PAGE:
Five Factors Most MLB DFS Players Overlook

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In MLB DFS, there are a lot of often underrecognized factors that can give you a significant edge over the field if you take them into consideration. DFS players often focus on obvious factors such as implied team totals, the general quality of the offenses, and individual player quality and stats. Since everyone else is looking at the same things, it is essential to find ways to gain an advantage by taking into account information that most people are not. Let’s dig into some of these often overlooked finer points of MLB DFS.

1. Ballpark Factors

One of the most exciting things about baseball compared to many other sports is that every ballpark is not created equal, and the ballpark itself can significantly impact gameplay. Dimensions, indoor vs. outdoor, nature of the outfield fence, amount of foul ground, whether there is a humidor in play, altitude, climate, and other factors can significantly impact our expectations for offenses as a whole as well as individual hitters and pitchers.

Yes, most DFS players recognize the impact of obvious ballpark factors such as the altitude and dimensions at Coors Field lending themselves to hitting. However, every ballpark has its own characteristics. We should get to know each one and make our lineups according to their strengths and weaknesses.

Ballpark factors can, to an extent, be baked into betting lines and DFS projection systems. Yet, there is a degree to which they are often not weighted as they should be. It can be a source of substantial edge to take ballpark factors into consideration when building MLB DFS lineups.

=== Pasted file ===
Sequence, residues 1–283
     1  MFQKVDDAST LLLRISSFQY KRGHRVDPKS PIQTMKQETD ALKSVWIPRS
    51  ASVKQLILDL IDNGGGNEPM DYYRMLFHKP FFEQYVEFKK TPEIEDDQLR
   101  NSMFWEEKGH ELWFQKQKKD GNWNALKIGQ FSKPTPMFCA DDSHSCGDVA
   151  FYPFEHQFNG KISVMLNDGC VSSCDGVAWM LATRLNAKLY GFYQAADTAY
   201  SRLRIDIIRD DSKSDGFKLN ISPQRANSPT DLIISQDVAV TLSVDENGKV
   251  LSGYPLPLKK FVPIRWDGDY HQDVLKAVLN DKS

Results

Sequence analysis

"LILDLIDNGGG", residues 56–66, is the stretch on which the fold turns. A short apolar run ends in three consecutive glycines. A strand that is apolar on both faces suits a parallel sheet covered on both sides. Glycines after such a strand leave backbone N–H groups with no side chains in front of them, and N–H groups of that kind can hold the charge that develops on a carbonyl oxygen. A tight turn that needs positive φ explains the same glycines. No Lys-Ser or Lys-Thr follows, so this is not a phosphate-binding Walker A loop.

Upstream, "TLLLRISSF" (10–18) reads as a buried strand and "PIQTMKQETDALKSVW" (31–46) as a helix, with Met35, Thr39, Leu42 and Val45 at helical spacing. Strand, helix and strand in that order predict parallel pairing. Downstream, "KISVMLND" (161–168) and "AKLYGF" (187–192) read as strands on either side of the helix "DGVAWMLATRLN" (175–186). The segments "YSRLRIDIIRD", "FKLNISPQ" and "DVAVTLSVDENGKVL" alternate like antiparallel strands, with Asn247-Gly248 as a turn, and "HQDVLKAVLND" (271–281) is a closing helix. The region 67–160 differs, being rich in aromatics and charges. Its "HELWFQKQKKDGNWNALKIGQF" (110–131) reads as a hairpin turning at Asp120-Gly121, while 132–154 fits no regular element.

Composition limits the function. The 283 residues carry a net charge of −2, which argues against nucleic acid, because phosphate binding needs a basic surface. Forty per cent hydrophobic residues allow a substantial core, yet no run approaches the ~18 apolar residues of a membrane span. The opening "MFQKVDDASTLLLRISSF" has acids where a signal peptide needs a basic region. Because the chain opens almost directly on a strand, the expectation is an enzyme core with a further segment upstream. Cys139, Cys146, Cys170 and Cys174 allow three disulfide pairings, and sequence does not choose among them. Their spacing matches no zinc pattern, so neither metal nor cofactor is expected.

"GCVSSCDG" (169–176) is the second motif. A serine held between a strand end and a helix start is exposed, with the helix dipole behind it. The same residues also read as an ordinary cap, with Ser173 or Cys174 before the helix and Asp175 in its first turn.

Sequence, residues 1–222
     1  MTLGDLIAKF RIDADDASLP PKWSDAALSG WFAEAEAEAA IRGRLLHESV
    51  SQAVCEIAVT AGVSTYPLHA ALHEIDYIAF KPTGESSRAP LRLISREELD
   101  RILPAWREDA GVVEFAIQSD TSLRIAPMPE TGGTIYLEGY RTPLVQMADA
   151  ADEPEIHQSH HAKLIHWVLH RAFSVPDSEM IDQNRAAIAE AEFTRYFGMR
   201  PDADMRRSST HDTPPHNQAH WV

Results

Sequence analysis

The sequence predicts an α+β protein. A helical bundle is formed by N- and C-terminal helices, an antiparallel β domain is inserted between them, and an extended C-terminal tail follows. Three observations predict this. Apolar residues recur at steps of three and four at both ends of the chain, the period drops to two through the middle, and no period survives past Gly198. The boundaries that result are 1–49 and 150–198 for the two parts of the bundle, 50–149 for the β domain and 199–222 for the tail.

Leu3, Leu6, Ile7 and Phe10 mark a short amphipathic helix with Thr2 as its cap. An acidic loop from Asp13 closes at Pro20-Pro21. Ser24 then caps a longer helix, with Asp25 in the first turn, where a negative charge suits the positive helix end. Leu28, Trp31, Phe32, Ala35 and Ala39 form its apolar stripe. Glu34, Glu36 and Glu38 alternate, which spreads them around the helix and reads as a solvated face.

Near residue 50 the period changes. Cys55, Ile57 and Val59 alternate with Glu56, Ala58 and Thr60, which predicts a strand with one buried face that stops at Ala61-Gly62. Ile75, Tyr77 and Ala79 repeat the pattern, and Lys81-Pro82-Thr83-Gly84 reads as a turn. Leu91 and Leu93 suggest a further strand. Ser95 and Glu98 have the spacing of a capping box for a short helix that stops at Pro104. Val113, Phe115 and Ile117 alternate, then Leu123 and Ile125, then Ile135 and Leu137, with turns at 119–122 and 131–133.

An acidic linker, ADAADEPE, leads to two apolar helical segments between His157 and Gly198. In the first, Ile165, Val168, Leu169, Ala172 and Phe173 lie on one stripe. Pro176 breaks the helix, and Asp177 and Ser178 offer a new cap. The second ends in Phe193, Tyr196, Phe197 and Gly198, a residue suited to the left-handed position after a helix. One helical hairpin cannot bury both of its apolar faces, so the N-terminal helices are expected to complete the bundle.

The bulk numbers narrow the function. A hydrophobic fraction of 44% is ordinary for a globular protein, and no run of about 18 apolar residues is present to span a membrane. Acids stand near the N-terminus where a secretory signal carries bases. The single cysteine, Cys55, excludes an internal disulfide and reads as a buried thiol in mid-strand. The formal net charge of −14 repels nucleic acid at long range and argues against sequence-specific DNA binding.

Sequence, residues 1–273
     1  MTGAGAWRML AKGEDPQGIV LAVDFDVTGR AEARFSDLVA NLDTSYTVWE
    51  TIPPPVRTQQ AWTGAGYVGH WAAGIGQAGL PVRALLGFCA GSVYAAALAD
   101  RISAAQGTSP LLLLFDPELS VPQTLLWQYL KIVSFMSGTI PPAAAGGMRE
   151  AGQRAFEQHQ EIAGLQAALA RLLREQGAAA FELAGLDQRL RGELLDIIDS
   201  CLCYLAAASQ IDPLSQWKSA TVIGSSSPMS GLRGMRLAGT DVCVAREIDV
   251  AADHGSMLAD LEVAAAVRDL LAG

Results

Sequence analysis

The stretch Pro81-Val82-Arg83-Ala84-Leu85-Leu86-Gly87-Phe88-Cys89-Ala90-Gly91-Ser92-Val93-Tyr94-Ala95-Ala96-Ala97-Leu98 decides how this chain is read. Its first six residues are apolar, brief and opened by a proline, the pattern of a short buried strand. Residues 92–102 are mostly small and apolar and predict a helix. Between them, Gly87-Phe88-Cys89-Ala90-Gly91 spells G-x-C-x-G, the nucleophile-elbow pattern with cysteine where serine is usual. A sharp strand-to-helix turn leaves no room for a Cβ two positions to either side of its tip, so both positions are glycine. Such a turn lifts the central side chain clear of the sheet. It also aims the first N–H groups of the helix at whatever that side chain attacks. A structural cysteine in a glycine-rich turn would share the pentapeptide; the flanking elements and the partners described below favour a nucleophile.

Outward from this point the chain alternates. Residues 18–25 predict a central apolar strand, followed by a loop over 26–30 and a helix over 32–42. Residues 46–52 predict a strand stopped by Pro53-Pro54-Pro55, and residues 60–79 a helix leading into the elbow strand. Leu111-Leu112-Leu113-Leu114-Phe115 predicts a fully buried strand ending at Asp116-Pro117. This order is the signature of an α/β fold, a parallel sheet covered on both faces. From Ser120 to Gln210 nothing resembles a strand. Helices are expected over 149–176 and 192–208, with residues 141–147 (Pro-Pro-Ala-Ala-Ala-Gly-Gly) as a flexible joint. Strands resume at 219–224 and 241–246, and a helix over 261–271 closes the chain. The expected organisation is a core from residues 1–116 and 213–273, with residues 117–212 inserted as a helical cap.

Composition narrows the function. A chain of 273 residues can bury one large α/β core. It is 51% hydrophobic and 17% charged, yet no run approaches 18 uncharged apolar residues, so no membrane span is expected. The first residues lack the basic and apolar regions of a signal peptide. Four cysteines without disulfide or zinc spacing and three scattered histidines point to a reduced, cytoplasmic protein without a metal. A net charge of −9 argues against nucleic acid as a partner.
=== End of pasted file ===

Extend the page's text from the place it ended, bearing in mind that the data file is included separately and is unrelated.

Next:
2. Weather Impact

While weather and ballpark factors go hand-in-hand to some degree, weather considerations are their own beast. Considering that conditions change from day to day and can significantly impact gameplay and the results of MLB DFS contests, you have to keep track of the weather on a day-to-day basis.

The most crucial impact of weather is rain. It can cause games to be postponed entirely or to end early. Long delays can also knock starting pitchers out of games prematurely. On top of it, rain causes less than ideal playing conditions even when games can be played in light rain.

You would be surprised at the extent to which large portions of the field don’t follow the weather adequately. Many people fail to even be aware when a game is likely to be postponed or ended early. One of the number one considerations to make before even considering making your lineups is to gain a handle on the weather.

You can gain an advantage on the field by not playing a game that winds up being postponed or called early. You can also find an edge by avoiding pitchers that may be pulled from games prematurely due to rain delays. 

You can also go the opposite direction and take the risk of playing hitter stacks in a bad weather game. Much of the field may avoid these games, and you’ll reap the benefits of low ownership if that offense goes off. If the game doesn’t play, you have to be okay with taking a lineup full of zeros, but the risk can be worth it.

Not only does precipitation impact MLB DFS, but you also want to look at temperature, humidity, wind, and other environmental factors. High temperatures can greatly benefit offense and hurt pitching. Winds blowing in or out and the direction they are blowing can cause a significant impact on games as well. 

3. Umpire Data

Probably more overlooked than either ballpark factors or weather is the impact of different home plate umpires on the results of games. It is prudent to consider whether the ump calling a game tends to favor hitters or pitchers. You can find data that will tell you whether an umpire is a hitter’s up, a pitcher’s ump, extremely weighted toward one side or the other, or neutral.